Viv and Miss Y both had the Gnocchi with Meatballs. Again, Viv thought the meatballs were quite tasty; but the gnocchi was quite dense and doughy. Furthermore, the very same sauce did not improve the dish. It didn't end there, every dish that arrived came with the same red sauce. Judes had the 1/2 rack of BBQ Ribs with Ravioli. The ribs looked decent and as for the ravioli, the ones I had were bland and again, the sauce killed it. Milhouse opted for the Veal Cutlet with Ravioli. The large veal cutlets looked to be fried up nicely glistening with oil. For the ravioli, I'm sure you get my drift already so I'm not going to comment on it any further. Mr. Blueberry went for the mother of all dishes and had the Large T-Bone Steak with Ravioli. Man, we're not really original eaters are we??? The steak sure looked impressive; however was quite tough. Gadget Girl and Ketchup both had the Spaghetti and Meatballs. They seemed to enjoy it, so it really depends on personal preference. But again it was the same sauce and the same meatballs. Boss Woman did have something a bit different - Italian Sausage. But nevermind this time or any other time, I didn't get to try it because Boss Woman won't let me have any.

Alright, by now, you must be thinking that I totally hated and despised Nick's. Hate is a really strong word and there are not many restaurants that I truly despise other than Po King and Floata. With that being said, I think the biggest problem I have with Nick's is not even necessarily the food. After all, the meats were all pretty decent (except for the steak) and we never got a chance to try any other sauces. Nick's is really ol' school and unrefined; but really, my biggest problem were the prices. It's not cheap to eat at Nick's despite the decent portions. I only say decent, because Ranger and I dusted off the biggest plate they had in the Combination Dish. I was full, but not bursting at the seams. For $19.25, either the food has to knock my socks off or it has to stuff me til I want to puke. It did neither. Remember when I said Nick's causes controversy? Well, they have been in business for over 50 years, so they must be doing something right. There are some people who swear by Nick's and there are those who absolutely hate it. For me, I couldn't erase the comparisons I was making with Boston Pizza. Yes, I couldn't believe it too; but I began to have thoughts that the pasta sauce tasted like the ones at Boston Pizza! I'm sure some people will now leave nasty comments saying I don't know anything and I'm a idiot. But I'm merely sharing my honest opinion. Nick's serves very loyal customers food that they obviously like and hold dear to their hearts; however, I'm just not one of them.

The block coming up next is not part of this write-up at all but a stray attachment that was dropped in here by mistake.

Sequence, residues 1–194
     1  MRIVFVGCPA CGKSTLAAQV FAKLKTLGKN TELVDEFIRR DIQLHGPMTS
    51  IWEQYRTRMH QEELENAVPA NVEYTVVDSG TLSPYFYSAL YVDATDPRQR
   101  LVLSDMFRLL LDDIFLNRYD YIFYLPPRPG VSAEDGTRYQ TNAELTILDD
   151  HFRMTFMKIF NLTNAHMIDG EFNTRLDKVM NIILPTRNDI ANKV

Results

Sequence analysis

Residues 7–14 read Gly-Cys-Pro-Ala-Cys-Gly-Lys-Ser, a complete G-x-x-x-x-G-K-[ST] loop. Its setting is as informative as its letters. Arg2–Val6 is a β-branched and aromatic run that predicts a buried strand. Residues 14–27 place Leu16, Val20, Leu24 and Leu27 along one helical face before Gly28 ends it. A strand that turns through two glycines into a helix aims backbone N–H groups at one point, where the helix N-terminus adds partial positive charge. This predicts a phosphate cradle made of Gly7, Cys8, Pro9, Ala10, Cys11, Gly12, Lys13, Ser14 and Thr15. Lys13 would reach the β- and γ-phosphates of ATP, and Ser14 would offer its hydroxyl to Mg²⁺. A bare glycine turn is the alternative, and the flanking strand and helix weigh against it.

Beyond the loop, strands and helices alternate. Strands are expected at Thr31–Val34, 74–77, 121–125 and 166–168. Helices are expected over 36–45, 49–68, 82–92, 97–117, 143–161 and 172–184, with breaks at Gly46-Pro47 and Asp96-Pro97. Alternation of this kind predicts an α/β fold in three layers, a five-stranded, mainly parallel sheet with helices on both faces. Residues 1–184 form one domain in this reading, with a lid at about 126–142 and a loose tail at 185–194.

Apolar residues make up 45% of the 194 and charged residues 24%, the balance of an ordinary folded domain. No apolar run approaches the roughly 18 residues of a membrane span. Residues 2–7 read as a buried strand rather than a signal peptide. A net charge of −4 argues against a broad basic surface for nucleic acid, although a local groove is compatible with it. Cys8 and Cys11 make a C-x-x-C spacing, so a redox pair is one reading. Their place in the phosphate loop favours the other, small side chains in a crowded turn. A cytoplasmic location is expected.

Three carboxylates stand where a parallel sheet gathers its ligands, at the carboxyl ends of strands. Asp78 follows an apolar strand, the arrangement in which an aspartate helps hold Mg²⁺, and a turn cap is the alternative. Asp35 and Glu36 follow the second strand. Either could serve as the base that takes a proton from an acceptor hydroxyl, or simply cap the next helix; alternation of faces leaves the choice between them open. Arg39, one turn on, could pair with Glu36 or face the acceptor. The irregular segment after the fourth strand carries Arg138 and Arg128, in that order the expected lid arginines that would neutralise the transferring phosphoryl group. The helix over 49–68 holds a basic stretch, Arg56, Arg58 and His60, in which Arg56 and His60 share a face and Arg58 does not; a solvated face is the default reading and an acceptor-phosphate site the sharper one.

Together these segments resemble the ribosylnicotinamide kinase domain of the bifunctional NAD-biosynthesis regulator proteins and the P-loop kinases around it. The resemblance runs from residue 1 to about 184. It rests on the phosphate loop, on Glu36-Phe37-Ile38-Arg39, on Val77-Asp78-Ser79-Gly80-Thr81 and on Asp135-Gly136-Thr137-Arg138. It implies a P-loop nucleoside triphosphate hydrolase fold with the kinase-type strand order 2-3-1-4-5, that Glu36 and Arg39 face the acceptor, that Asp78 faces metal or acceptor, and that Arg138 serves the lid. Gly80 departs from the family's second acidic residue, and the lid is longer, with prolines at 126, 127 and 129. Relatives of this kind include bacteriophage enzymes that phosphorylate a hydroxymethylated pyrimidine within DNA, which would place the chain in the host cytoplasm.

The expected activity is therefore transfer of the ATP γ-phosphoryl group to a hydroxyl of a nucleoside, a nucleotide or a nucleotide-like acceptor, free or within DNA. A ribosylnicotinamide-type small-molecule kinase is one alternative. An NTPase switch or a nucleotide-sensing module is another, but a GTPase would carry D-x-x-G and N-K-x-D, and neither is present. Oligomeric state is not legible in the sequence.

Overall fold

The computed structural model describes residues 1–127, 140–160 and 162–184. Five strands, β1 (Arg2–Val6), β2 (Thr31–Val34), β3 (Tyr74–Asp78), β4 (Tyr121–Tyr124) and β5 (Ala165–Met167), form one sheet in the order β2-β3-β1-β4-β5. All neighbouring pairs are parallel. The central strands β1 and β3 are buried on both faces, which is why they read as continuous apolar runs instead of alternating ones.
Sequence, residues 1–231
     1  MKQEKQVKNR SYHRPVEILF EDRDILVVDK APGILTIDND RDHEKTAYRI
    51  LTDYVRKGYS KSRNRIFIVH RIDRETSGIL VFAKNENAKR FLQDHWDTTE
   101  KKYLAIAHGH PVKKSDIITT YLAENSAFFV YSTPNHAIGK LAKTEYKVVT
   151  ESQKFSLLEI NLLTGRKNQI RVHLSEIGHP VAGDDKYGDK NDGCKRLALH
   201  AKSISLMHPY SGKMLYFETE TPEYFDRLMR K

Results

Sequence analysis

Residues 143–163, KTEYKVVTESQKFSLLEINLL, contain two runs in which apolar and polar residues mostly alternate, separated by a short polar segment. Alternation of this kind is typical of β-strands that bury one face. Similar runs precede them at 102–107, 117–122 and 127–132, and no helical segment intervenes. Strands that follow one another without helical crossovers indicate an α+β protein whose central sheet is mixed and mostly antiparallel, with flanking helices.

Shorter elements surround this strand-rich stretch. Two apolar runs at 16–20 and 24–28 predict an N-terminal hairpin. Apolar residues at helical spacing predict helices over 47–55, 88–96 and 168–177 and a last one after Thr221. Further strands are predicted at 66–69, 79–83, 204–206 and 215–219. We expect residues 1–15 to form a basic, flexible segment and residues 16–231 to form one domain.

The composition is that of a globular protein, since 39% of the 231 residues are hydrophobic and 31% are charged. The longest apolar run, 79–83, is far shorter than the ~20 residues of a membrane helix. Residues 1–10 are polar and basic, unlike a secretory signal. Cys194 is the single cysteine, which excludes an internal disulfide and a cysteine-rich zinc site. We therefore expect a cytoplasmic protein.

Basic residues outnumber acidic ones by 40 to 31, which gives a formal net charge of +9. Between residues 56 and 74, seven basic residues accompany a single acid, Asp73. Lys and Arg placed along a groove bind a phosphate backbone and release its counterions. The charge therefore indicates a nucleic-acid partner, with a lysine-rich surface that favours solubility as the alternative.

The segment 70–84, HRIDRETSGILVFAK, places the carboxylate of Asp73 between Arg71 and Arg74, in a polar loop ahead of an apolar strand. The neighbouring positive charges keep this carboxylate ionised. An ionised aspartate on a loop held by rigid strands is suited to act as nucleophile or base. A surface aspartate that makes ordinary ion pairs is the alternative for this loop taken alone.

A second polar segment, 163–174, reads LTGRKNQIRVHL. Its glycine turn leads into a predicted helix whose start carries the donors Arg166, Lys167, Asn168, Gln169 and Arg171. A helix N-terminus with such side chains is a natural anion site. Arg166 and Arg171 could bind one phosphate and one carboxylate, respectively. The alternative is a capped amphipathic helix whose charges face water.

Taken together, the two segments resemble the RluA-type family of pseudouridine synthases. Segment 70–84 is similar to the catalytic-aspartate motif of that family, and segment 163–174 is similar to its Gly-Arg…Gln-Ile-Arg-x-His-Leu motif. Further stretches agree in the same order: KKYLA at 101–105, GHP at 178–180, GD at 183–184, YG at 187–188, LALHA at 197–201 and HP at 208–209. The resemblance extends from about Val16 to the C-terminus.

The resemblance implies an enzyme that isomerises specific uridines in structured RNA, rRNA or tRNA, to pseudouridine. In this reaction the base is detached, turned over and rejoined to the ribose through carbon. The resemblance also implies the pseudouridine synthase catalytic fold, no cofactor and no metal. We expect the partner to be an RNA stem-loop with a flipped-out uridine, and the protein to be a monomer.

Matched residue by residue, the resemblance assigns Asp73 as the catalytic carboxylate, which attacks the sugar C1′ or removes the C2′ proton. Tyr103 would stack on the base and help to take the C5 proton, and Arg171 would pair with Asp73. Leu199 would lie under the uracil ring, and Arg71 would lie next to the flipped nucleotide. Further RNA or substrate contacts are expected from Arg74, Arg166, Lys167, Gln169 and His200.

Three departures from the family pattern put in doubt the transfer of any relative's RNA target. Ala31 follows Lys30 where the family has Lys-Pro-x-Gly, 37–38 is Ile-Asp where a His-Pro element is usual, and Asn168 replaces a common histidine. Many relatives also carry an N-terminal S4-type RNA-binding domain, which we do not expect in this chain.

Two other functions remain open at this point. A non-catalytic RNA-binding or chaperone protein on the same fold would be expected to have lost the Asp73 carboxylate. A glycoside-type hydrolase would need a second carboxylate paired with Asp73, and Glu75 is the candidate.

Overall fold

The Good:
- Portions are pretty good
- Meats appear to be decent
- It's got character and nostalgic qualities

The Bad:
- What's with those prices???
- Everything tastes the same (referring to the red sauce)
- I don't get it (someone please enlighten me)

Nick's Spaghetti House on Urbanspoon